Tuesday, May 25, 2010

Coffee Milk


Most of us start our caffeine addictions by taking just a little coffee with our milk; something called Coffee Milk. I think my young friend at the left has moved far beyond Coffee Milk, but I digress.

After Coffee Milk comes heavily creamed and sugared coffee, as we quickly work our way up to a Grande Cappuccino with an extra shot of espresso. In that one large cup we consume the caffeine equivalent of four strong cups of coffee, hoping it will help us focus on our early morning computer screens. We work our way up from a little coffee with our milk, to a little milk with our coffee.

It is sad that our discipleship often works in the reverse order. Do a quick survey of the children and youth small groups, or Sunday Schools, in your church. You'll find that we start our children off on alot of Scripture, alot of church activity. Children's Sunday School classes have twice as many kids as most Jr. High classes, and most Jr. High classes have twice as many young people as most High School Sunday School classes do. People in the know know that the church loses most kids long before they graduate from High School and enter the black hole of American young adult spirtuality.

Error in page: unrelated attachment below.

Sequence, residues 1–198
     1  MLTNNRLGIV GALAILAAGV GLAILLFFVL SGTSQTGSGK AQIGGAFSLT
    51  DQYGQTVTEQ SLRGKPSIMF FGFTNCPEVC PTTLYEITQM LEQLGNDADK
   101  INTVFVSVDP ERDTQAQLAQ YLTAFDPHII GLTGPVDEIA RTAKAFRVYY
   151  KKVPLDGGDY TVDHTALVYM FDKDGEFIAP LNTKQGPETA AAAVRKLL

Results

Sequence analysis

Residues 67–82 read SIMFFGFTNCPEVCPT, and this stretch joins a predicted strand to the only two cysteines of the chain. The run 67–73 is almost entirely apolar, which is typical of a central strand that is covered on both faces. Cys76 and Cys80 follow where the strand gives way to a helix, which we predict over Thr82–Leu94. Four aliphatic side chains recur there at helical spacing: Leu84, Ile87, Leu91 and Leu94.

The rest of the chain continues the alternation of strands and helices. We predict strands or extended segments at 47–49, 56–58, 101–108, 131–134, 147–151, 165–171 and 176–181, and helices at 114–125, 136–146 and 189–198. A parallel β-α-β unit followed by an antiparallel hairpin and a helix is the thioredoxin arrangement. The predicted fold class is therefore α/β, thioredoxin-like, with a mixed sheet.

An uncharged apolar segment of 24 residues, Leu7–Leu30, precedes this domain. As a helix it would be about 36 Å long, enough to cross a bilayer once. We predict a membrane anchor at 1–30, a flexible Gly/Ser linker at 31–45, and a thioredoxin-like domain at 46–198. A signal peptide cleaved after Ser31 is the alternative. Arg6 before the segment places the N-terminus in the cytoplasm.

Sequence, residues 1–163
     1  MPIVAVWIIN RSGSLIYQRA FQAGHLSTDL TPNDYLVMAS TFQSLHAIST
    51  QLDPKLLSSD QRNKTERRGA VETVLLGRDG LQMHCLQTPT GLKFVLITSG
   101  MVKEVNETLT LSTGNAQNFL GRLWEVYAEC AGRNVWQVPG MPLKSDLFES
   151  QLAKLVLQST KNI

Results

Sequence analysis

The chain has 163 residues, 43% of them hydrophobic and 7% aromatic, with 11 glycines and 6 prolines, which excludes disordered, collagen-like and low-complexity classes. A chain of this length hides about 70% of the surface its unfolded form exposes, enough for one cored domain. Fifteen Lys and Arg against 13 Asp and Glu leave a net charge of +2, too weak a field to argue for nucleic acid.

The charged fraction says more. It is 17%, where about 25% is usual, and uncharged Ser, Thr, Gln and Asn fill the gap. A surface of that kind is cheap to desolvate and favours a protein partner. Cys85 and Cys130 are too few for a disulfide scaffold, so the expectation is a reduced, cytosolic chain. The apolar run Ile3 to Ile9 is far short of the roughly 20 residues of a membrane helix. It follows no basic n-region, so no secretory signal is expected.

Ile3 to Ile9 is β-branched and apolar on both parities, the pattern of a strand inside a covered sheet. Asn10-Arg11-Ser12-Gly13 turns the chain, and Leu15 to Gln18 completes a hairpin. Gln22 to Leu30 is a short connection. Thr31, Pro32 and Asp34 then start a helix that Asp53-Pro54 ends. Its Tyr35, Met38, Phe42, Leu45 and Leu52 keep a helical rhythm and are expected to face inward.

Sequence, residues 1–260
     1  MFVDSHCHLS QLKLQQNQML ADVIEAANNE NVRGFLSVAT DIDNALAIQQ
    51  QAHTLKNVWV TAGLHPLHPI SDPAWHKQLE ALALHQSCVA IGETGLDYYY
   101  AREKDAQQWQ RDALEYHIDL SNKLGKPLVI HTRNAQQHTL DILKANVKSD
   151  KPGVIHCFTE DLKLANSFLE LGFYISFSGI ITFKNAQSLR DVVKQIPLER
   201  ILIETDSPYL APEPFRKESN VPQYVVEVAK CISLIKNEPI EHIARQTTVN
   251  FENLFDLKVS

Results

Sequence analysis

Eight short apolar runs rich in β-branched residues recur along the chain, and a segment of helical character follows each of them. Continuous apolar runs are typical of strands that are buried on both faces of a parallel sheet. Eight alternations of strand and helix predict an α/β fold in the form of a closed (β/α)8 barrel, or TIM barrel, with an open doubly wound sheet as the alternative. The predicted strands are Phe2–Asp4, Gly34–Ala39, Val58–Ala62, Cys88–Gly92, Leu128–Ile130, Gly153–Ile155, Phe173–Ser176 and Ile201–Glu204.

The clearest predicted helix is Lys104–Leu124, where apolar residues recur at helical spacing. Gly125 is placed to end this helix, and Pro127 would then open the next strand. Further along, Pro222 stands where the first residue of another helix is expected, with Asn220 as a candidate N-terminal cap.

There is a myth that we hold onto that has helped us accept, and even feed the slow disappearance of Christ from our children's lives. Instead of slowly incresing their intake of Christianity, we slowly decrease it. Here is the myth that helps us do that, "If I require my kids go to church and to the things my church does for kids and youth, they won't want to go when they are adults. And, besides, it's just not worth the fight."

Our reasoning seems sound, "They have to make their own choices," we say. We require them to go to public school with little thought to their choice. We make them pick up their clothes, clean their bodies, all to teach them discipline. We have glorified choice and neglected discipline, and both are taught in the Scripture.

While I am not advocating legalism, I would like to point out that this myth is patently untrue. Children and students who are required to attend church with their families (please don't miss that "with their families" bit), are several times more likely to follow Christ as adults. The only accurate predictor of future behavior is present behavior.

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